The U.S. Department of Transportation has adopted a new rule that it says will significantly strengthen the protections afforded to air travelers in the...

The U.S. Department of Transportation (DOT) has adopted a new rule that it says will significantly strengthen the protections afforded to air travelers in the United States.

Among other effects, the new rule establishes a hard time limit after which U.S. airlines must allow passengers to deplane from domestic flights after waiting on board aircraft on the airport tarmac.


“Airline passengers have rights, and these new rules will require airlines to live up to their obligation to treat their customers fairly,” says U.S. Transportation Secretary Ray LaHood.

The new rule prohibits U.S. airlines operating domestic flights from permitting an aircraft to remain on the tarmac for more than three hours without deplaning passengers, with exceptions allowed only for safety or security or if air traffic control advises the pilot in command that returning to the terminal would disrupt airport operations.

U.S. carriers operating international flights departing from or arriving in the United States must specify, in advance, their own time limits for deplaning passengers, with the same exceptions applicable.

Airlines are required to provide adequate food and potable drinking water for passengers within two hours of the aircraft being delayed on the tarmac and to maintain operable lavatories and, if necessary, provide medical attention.

A line of aircraft wait on a taxiway at Hartsfield-Jackson Atlanta International Airport to turn on to a runway for take-off. Hartsfield-Jackson is the world's busiest airport both for aircraft movements and for passengers

A line of aircraft wait on a taxiway at Hartsfield-Jackson Atlanta International Airport to turn on to a runway for take-off. Hartsfield-Jackson is the world's busiest airport both for aircraft movements and for passengers

The DOT says it has adopted the new rule in response to a series of incidents in which passengers were stranded on the ground aboard aircraft for lengthy periods and also in response to the high incidence of flight delays and other consumer problems. In one of the most recent tarmac delay incidents, the DOT fined Continental Airlines, ExpressJet Airlines and Mesaba Airlines a total of $175,000 for their roles in a nearly six-hour ground delay at Rochester, MN.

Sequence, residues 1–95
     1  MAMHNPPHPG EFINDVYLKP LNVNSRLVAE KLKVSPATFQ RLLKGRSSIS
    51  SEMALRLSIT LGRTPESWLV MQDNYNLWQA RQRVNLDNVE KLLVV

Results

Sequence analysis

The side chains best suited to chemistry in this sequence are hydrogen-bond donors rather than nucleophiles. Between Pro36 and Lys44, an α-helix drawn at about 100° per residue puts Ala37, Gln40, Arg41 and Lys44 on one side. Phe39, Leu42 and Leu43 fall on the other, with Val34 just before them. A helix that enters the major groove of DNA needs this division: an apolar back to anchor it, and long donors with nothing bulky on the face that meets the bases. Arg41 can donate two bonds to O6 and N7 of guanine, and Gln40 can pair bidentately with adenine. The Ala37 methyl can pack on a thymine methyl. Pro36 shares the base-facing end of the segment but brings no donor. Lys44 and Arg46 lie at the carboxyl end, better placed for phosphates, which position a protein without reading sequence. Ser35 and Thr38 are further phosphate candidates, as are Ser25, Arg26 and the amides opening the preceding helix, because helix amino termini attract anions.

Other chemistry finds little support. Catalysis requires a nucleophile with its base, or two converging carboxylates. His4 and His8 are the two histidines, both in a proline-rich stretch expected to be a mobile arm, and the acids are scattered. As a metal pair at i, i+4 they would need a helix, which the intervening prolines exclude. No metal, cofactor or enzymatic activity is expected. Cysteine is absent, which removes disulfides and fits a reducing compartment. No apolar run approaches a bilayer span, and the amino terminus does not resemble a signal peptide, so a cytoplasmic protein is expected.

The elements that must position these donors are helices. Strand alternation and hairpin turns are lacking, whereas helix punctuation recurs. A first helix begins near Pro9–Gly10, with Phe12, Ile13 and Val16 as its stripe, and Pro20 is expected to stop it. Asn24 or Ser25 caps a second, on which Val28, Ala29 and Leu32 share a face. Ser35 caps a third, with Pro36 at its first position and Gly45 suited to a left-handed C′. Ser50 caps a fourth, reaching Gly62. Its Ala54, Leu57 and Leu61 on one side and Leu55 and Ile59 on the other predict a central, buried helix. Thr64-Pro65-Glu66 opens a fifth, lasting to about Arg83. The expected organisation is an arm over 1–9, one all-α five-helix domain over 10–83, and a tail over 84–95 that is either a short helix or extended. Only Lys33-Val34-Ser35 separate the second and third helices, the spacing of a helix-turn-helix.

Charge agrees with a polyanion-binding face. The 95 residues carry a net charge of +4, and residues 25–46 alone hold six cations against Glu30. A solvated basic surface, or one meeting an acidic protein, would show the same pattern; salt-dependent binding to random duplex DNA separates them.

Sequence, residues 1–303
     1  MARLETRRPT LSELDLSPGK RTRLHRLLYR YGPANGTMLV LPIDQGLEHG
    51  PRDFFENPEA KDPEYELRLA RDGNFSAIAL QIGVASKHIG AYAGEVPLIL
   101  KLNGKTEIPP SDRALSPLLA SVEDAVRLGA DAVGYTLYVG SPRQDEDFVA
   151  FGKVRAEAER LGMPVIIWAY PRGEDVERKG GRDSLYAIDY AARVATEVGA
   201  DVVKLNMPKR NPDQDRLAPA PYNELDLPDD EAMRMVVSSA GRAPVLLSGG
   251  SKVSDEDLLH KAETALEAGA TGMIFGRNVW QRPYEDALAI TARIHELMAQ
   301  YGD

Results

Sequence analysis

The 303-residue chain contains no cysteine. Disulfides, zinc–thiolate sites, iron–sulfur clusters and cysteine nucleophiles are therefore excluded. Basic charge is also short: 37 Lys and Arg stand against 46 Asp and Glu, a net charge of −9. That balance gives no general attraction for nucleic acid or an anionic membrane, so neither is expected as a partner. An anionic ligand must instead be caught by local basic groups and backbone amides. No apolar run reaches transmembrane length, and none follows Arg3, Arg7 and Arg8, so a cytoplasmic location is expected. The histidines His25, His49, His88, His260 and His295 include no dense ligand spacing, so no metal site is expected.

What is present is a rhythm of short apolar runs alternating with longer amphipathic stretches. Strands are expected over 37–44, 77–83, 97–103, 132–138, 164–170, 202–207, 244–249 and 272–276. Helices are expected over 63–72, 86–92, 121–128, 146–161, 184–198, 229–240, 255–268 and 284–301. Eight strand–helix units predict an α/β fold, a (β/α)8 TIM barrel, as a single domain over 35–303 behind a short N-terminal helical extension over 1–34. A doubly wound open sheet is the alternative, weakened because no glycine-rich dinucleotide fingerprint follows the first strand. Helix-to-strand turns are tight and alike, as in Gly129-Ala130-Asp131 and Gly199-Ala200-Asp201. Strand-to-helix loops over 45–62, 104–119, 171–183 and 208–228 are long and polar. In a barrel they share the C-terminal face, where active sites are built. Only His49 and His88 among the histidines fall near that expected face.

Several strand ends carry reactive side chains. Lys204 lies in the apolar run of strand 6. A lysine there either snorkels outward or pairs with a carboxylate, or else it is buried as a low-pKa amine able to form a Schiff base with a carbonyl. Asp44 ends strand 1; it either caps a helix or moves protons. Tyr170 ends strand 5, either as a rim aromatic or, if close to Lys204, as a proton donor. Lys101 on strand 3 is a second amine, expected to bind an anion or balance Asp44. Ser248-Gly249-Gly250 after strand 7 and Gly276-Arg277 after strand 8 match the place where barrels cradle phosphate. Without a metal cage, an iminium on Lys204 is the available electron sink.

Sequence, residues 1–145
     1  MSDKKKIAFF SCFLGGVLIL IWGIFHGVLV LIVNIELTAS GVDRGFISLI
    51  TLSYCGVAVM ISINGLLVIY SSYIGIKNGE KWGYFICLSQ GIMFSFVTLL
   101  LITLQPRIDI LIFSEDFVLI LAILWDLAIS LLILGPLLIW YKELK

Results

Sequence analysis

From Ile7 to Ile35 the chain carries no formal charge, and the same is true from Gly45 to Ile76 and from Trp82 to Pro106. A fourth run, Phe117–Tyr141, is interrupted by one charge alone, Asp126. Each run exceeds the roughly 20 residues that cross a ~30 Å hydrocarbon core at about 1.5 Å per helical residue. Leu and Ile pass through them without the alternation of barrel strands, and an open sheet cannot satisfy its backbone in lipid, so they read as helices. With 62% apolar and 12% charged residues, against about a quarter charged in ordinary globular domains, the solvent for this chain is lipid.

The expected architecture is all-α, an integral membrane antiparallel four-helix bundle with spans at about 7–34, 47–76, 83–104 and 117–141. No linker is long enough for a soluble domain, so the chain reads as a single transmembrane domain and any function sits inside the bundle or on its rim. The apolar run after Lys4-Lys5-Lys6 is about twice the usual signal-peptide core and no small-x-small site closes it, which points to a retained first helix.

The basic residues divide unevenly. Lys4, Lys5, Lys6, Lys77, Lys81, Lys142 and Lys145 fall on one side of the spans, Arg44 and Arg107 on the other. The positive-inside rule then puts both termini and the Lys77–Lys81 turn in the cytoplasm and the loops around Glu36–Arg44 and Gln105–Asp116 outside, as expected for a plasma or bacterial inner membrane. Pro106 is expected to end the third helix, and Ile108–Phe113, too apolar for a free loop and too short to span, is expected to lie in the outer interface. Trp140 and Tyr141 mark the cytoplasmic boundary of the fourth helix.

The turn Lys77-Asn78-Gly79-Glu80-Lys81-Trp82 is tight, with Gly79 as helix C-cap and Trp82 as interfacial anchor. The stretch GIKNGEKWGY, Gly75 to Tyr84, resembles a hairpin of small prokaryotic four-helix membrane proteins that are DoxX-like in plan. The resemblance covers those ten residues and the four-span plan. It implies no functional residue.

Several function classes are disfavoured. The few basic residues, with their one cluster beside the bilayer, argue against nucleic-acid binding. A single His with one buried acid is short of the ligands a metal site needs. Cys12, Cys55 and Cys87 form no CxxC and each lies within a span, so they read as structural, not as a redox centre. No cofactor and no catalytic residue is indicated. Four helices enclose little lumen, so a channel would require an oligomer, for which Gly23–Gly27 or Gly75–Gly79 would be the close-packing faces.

The rule also:

● Prohibits airlines from scheduling chronically delayed flights, subjecting those who do to DOT enforcement action for unfair and deceptive practices;

● Requires airlines to designate an airline employee to monitor the effects of flight delays and cancellations, respond in a timely and substantive fashion to consumer complaints and provide information to consumers on where to file complaints;

● Requires airlines to display on their website flight delay information for each domestic flight they operate;

● Requires airlines to adopt customer service plans and audit their own compliance with their plans; and

● Prohibits airlines from retroactively applying material changes to their contracts of carriage that could have a negative impact on consumers who already have purchased tickets.

The DOT has adopted the final rule following a review of public comments on a proposal issued in November 2008. The DOT says it also plans to begin another rulemaking designed to further strengthen protections for air travelers.

Among the areas under consideration are: a requirement that airlines submit to the DOT for review and approval their contingency plans for lengthy tarmac delays; reporting of additional tarmac delay data; disclosure of baggage fees; and strengthening requirements that airline ads disclose the full fare consumers must pay for tickets.

The rule goes into effect 120 days after date of today’s publication in the Federal Register. The full text of the rule may be obtained on the Internet at www.regulations.gov, docket DOT-OST-2007-0022.